On 14 December 2016 Yahoo revealed that a jaw-dropping billion accounts had been affected by a data breach in August 2013. The disclosure arrived hot on the heels of a 22 September admission that 500 million Yahoo accounts had been compromised in a different attack in late 2014.
The announcements changed what we mean by “big”, when we talk about big data leaks. They seemed preposterous and unwieldy, and at the time we marvelled at the scale and wondered – how on earth did it take them three years to notice?
What we didn’t know, didn’t expect, was that Yahoo had badly low-balled the number of affected accounts.
It would be left to Verizon, Yahoo’s new owners, to finally unearth the truth of it – that every last one of Yahoo’s accounts was compromised in the August 2013 incident:
Subsequent to Yahoo’s acquisition by Verizon, and during integration, the company recently obtained new intelligence and now believes, following an investigation with the assistance of outside forensic experts, that all Yahoo user accounts were affected by the August 2013 theft.
The announcement doesn’t say how many accounts that amounts to but both Reuters and the Associated Press put the figure at 3 billion.
Yahoo reports that the types of information lost in the breach are unchanged:
…stolen user account information may have included names, email addresses, telephone numbers, dates of birth, hashed passwords (using MD5) and, in some cases, encrypted or unencrypted security questions and answers.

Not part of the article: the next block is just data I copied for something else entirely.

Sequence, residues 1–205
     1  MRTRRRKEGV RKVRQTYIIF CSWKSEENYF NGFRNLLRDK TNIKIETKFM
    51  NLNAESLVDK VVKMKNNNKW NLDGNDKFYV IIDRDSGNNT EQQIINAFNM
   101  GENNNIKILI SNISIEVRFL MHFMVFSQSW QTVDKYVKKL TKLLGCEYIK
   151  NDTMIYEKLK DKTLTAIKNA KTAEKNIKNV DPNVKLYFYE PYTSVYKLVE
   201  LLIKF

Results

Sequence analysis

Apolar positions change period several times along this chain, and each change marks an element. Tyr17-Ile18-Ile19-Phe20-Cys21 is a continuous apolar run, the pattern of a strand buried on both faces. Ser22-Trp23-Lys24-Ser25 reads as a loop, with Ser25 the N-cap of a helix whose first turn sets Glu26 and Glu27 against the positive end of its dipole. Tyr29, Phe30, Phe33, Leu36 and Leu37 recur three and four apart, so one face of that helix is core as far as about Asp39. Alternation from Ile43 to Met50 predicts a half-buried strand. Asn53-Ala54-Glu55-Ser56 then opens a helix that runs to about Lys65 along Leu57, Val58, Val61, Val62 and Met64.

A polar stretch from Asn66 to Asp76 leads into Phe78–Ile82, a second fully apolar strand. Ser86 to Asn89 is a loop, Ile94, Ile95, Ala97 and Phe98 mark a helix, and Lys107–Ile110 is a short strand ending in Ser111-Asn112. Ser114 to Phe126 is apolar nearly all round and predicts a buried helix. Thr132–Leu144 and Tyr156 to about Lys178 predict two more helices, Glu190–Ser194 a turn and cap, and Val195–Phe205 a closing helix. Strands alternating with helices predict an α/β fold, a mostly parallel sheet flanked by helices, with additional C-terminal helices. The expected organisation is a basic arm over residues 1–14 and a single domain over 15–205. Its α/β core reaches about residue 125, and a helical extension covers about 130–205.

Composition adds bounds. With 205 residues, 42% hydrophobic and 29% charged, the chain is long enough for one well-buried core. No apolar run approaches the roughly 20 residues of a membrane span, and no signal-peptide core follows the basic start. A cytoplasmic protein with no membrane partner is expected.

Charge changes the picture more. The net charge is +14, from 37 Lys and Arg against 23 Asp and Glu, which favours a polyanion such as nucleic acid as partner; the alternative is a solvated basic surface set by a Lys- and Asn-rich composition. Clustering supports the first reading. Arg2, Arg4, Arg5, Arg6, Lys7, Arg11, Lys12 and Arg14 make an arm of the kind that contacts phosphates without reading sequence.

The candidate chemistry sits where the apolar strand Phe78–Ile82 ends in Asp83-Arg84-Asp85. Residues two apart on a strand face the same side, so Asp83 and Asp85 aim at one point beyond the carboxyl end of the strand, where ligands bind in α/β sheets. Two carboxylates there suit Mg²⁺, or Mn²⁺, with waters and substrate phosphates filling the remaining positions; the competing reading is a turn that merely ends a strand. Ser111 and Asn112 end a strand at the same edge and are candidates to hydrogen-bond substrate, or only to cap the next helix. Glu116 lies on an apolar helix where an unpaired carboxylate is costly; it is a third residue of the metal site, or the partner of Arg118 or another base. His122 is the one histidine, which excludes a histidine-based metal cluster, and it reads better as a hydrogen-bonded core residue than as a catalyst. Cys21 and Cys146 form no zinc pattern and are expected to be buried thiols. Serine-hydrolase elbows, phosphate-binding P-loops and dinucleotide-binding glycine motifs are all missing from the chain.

It also advises that you change your password and security questions, and, even though payment card and bank account data wasn’t compromised in the breach, to “remain vigilant by reviewing your account statements and monitoring your credit reports”. If you used your Yahoo password on any other sites, change it on those sites too and try not to dwell too long on the fact that criminals have had four years in which to crack Yahoo’s subpar password hashing.
If you did all that in 2016, after the first announcement, then you don’t need to do it again.
Yahoo says it’s “notifying potentially affected users by email”. Don’t wait for an email from Yahoo though, or a scammer pretending to be Yahoo, assume you’re affected, don’t click on anything in any purpled-branded emails, just go straight to yahoo.com and work your way to the right place.
If, when you get there, you change your password and security questions, I admire your loyalty. If I could close my account again I would, but it’s been closed since December 2016.